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FDA to Debate Starch Treatment

The US Food and Drug Administration will consider whether or not to stop the use of intravenous starch solutions to replace lost blood.

Bob Grant
Bob Grant

Bob Grant is Editor in Chief of The Scientist, where he started in 2007 as a Staff Writer.

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Injecting starchy solutions directly into the veins of patients who are suffering from sepsis—dangerously low blood pressure often caused by systemic infection—may do more harm than other treatments, according to recently published research. And next week, scientists at the US Food and Drug Administration (FDA) will mull whether or not to discontinue the treatment based on this and other emerging information.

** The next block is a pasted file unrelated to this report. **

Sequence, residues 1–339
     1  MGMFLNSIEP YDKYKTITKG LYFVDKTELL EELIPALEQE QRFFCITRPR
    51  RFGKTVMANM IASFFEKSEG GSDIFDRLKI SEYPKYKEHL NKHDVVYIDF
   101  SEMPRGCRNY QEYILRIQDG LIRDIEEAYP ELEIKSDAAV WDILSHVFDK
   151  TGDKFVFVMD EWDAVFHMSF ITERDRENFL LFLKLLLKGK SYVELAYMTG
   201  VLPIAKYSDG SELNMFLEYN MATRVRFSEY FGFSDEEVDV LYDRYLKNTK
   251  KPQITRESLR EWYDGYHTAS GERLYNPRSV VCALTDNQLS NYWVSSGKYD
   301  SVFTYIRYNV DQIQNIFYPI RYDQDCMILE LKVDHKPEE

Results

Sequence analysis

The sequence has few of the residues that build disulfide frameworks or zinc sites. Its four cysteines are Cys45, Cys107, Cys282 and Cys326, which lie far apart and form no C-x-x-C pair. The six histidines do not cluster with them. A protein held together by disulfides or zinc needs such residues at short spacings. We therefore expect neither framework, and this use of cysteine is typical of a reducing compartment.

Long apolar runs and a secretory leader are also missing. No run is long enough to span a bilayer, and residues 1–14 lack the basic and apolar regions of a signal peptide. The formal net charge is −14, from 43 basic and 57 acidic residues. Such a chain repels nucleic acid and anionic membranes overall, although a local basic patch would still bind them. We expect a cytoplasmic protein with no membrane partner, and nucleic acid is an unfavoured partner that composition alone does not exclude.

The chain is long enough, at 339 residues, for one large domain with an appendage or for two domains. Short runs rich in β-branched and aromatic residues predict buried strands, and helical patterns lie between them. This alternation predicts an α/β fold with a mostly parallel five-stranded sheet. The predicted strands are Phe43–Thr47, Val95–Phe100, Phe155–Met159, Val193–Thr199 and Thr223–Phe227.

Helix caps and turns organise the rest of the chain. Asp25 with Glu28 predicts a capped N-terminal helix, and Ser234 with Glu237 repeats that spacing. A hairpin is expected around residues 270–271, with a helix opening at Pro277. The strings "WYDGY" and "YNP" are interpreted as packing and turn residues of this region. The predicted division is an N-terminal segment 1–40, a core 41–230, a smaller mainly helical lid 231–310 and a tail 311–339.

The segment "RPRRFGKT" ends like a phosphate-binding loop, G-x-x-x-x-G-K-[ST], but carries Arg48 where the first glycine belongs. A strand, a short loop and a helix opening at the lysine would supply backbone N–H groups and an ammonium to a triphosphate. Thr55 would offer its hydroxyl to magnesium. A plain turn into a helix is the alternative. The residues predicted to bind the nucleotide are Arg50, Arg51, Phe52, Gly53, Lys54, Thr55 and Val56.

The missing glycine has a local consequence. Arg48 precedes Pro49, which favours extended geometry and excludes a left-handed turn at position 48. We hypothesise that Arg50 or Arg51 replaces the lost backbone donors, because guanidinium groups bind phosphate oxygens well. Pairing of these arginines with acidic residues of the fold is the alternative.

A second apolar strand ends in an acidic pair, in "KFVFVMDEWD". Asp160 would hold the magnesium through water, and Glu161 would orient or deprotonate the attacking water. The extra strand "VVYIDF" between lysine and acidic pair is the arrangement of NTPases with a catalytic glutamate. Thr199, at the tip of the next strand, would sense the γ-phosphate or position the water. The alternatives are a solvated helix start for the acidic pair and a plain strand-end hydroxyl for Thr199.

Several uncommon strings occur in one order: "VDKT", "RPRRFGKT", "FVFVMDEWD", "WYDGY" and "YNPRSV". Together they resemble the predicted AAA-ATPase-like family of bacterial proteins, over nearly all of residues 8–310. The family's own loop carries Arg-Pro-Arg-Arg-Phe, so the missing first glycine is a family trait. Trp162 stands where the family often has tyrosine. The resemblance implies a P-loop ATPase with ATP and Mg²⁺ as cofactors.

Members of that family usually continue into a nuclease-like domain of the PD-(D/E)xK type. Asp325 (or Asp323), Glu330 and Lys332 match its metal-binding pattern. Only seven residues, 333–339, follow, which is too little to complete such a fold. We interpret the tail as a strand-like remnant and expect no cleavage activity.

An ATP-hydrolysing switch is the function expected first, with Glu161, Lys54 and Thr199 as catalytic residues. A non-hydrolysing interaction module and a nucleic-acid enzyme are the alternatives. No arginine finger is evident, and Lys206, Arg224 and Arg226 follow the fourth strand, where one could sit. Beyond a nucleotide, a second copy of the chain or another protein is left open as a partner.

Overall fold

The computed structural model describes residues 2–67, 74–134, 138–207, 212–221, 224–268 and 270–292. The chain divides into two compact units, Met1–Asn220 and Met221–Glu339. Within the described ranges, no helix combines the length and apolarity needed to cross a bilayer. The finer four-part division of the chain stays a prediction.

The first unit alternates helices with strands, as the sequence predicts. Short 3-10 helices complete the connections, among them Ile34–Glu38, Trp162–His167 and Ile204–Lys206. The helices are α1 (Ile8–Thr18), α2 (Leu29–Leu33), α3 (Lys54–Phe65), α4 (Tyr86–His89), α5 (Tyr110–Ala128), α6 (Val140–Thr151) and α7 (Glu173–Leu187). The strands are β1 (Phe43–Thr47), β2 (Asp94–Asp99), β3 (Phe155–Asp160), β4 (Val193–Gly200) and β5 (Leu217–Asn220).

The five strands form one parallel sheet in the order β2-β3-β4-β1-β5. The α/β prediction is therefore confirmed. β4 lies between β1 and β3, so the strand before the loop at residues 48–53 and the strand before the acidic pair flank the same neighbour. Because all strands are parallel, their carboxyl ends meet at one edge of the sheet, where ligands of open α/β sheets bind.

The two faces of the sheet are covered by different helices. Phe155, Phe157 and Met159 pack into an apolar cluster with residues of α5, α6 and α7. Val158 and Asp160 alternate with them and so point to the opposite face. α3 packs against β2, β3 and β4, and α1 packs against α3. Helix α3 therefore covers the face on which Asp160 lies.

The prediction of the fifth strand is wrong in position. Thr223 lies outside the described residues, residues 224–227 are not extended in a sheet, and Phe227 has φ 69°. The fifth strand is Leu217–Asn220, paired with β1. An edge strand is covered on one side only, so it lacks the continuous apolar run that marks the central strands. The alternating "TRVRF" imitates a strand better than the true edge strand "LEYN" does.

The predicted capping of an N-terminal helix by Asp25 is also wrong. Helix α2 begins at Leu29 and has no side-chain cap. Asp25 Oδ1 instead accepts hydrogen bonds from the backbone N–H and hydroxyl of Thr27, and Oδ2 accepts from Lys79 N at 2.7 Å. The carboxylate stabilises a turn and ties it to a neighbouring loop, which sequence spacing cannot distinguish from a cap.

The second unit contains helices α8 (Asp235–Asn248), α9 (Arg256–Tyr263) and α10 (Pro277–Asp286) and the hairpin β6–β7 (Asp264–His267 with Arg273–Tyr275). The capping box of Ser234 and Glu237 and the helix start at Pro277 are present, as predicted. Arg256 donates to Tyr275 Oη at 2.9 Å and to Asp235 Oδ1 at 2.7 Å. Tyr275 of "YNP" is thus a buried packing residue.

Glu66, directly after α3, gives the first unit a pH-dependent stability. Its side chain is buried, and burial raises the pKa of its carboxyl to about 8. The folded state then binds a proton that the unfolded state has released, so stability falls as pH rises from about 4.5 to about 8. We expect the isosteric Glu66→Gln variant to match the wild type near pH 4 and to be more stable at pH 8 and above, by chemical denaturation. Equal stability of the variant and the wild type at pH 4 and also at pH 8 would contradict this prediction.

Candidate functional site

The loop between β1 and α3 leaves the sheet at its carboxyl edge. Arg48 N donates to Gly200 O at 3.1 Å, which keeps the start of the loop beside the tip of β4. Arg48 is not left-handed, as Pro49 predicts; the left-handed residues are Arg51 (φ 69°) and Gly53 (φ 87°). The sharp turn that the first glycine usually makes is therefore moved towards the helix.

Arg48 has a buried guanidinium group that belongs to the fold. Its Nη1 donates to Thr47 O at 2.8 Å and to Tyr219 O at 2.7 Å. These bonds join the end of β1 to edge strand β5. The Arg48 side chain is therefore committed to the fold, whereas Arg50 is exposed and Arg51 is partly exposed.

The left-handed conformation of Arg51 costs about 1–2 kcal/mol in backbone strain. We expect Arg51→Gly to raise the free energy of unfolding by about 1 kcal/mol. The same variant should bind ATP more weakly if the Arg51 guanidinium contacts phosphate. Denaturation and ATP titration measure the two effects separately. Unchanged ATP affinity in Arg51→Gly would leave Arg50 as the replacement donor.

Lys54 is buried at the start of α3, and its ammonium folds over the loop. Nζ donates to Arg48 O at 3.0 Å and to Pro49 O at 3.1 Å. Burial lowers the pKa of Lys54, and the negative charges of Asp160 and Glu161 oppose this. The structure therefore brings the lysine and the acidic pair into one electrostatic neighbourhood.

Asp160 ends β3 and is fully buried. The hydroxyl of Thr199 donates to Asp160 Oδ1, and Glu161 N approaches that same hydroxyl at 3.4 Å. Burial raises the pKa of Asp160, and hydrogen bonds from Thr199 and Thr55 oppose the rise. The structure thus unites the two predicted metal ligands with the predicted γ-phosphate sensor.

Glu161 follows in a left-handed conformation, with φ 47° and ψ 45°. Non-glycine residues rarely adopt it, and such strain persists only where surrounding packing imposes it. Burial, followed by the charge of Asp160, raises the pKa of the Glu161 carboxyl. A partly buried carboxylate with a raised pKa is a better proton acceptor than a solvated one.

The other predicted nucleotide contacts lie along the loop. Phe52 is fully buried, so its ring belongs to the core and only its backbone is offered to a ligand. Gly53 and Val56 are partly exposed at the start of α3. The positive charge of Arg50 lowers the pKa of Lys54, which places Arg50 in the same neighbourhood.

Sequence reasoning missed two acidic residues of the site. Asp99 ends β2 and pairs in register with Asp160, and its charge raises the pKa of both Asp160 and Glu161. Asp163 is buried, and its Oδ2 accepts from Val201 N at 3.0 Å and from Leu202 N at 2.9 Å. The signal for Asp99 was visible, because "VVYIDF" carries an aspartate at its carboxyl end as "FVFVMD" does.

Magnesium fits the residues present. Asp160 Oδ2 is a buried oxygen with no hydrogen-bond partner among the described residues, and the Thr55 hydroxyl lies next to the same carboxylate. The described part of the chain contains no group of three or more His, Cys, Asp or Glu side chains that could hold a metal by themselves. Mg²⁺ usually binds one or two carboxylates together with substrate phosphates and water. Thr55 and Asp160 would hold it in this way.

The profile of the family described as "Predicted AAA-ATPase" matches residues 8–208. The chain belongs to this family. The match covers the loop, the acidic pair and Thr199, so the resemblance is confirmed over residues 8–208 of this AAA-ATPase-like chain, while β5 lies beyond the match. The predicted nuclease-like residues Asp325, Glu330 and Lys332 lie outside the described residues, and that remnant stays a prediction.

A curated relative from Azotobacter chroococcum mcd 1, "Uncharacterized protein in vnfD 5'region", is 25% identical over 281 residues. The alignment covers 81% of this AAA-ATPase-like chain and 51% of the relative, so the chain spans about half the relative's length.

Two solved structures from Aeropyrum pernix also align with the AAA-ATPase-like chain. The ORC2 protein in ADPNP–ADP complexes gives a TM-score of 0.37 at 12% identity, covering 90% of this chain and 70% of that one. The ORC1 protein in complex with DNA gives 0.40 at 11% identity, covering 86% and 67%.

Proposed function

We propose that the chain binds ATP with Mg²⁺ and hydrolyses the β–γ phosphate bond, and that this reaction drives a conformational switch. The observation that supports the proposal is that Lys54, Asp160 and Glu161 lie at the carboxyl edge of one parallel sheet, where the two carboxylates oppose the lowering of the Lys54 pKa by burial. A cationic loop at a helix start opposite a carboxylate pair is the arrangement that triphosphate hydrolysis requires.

A study published month in the New England Journal of Medicine (NEJM) found that 201 of 398 patients given a particular brand of hydroxyethyl starch died, compared to only 172 of 400 who received a different IV fluid called Ringer's acetate. Copenhagen University Hospital researcher and physician Anders Perner, lead author on the NEJM study, told Nature that he stopped using IV starch treatment for sepsis as soon as the study's findings became clear. “We changed practice the day we saw the results," he said. "Many Scandinavian...

But physicians all over the world, and especially intensive care unit (ICU) doctors, still use the treatment, including in the United States. While ICU docs and researchers are split over whether or not IV starch is a safe and effective sepsis treatment, FDA scientists meeting in Maryland next week will discuss the agency's stance on the issue.

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